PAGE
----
Mumbai: Parties cause Rs 180 crore loss to exempt votebank from property tax
When it comes to votes, political parties can go to any lengths even blowing a big hole in the exchequer. Corporators in the BMC came together on Friday to exempt nearly 8 lakh tenements from paying property tax next year, causing a substantial loss of revenue to the civic body
When it comes to votes, political parties can go to any lengths even blowing a big hole in the exchequer. Corporators in the BMC came together on Friday to exempt nearly 8 lakh tenements from paying property tax next year, causing a substantial loss of revenue to the civic body.
The civic body had put up a proposal to calculate property tax based on carpet area, as opposed to its earlier formula of computing it based on built-up area. This new proposal was passed on Thursday and will cause a 14 per cent increase in property tax for Mumbaikars next year.
mid-day had reported that the new formula would result in lesser revenue for the civic body Rs 4,683 crore as opposed to Rs 5,077 crore it would’ve raked in had it stuck to its old formula. Now, a loss of Rs 180 crore has been added to this.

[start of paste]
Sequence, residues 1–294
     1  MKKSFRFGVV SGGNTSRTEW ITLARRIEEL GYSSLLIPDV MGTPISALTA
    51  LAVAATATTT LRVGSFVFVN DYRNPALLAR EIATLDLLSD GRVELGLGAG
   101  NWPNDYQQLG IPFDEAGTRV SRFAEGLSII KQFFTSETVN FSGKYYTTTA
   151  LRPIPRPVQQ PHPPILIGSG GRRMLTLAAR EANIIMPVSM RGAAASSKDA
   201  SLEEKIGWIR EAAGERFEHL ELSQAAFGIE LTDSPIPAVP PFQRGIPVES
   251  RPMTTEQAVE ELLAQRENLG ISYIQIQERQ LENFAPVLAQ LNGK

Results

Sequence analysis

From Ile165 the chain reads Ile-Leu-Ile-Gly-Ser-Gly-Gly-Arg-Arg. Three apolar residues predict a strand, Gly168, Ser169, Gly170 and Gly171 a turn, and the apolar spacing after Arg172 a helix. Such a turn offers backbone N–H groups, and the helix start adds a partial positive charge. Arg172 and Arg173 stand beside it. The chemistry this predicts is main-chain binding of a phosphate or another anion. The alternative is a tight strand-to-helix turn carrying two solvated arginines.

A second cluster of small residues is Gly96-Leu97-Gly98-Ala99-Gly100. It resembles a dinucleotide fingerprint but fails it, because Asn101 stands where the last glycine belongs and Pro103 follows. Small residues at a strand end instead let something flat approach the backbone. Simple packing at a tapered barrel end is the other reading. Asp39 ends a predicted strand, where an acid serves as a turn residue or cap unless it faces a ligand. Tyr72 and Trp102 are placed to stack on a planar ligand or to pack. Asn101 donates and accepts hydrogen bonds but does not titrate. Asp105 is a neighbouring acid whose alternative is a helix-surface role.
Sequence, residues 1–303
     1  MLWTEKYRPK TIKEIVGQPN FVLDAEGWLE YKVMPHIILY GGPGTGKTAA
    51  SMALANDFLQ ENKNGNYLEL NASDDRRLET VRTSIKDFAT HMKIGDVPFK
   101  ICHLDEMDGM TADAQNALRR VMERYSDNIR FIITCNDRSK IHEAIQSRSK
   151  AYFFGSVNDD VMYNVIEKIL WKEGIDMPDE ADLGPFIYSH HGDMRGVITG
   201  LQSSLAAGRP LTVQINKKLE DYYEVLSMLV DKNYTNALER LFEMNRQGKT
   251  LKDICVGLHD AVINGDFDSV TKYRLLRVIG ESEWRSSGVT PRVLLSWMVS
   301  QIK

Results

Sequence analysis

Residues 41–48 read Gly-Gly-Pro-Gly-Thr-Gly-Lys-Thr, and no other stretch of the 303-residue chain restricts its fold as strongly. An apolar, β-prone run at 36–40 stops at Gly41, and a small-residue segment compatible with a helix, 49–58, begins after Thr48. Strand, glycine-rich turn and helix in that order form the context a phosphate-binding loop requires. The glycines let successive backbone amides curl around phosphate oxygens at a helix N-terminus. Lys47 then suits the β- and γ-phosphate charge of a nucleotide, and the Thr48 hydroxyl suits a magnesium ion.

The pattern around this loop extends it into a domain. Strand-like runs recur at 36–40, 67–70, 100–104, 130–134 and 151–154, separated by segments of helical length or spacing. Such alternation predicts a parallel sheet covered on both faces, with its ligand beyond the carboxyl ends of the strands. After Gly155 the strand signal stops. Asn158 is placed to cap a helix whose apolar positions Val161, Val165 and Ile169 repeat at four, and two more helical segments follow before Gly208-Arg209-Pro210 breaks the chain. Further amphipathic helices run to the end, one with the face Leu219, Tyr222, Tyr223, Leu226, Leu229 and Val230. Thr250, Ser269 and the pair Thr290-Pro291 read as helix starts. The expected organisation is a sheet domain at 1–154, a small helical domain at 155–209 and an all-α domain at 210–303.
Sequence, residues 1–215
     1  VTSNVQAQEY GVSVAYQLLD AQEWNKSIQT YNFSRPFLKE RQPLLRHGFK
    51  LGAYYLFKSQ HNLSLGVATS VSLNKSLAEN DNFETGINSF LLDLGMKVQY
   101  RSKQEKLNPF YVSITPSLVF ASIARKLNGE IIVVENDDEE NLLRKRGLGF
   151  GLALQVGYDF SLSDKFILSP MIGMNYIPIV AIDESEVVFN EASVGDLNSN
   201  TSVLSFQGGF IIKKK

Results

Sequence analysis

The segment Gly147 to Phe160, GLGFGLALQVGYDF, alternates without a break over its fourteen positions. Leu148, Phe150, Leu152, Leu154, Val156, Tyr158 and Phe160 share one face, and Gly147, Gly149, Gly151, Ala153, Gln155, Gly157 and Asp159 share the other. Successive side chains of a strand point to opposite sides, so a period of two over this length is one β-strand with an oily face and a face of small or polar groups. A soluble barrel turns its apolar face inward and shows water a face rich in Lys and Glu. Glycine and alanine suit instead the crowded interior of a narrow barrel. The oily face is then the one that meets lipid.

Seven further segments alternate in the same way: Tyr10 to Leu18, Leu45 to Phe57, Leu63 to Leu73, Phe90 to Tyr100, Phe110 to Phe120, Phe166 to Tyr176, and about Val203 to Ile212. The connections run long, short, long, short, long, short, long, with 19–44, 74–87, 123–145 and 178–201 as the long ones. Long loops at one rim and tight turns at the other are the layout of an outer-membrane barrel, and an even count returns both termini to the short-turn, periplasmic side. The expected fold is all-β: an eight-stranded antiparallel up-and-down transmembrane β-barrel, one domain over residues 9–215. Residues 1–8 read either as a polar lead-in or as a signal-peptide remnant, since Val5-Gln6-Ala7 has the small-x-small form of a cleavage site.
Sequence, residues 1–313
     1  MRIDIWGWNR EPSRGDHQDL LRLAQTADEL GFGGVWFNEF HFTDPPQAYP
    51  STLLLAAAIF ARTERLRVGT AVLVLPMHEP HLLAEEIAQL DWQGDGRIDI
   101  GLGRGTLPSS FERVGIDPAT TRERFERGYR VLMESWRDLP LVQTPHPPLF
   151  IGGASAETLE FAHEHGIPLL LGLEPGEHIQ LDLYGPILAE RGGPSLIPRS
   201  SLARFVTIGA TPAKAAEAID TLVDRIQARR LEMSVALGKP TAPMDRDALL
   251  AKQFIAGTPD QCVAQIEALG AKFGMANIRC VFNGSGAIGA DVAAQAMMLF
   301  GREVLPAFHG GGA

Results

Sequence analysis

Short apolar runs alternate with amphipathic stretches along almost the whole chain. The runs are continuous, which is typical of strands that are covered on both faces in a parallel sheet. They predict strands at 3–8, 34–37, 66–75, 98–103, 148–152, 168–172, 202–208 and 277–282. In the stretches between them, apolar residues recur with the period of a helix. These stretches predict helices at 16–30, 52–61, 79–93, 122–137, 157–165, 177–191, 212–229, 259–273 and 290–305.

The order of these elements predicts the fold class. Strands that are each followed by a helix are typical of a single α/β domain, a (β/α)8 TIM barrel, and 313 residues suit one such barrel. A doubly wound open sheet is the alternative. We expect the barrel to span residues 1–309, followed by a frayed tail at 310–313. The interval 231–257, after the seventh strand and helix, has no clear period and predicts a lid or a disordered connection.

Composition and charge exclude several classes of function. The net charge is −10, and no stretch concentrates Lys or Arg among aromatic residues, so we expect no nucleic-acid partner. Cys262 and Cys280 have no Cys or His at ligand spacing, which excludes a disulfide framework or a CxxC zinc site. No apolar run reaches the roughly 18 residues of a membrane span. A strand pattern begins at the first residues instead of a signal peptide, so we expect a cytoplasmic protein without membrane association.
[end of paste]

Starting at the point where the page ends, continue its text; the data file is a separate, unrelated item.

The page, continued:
The new formula had included homes admeasuring 500 sq ft or less under the taxable bracket. These tenements had been earlier excused from paying tax when the formula was revised in 2013 and applied in retrospective from 2010 — effectively exempting them from paying property tax for five years (2010 to 2014).
However, the Shiv Sena-led BMC, ally BJP and even opposition Congress spoke in one voice against the inclusion of these smaller homes. Trushna Vishwasrao, Sena corporator and also the leader of the house in the BMC, asked for this exemption to be extended for the next five years too.
BJP's Manoj Kotak supported this move and even Congress's Pravin Chheda echoed these sentiments. A senior BMC official said these homes in question are largely the chawls in Girgaum, Lower Parel, Worli, BDD chawls and ground-plus-three storey structures, which have a sizeable Marathi population.
This is a vote bank for all parties and none would dare go against them. “Whatever the House of the BMC passes is a suggestion. The exemption for small homes will be added (to the proposal). The new tax proposal will go to the state government and they will take a final decision on it,” said a senior BMC officer.
The state government, too, is unlikely to differ on this issue, as both ruling parties in the BMC are also in state government. With a view of the 2017 BMC elections, nobody wants to disappoint this voting population.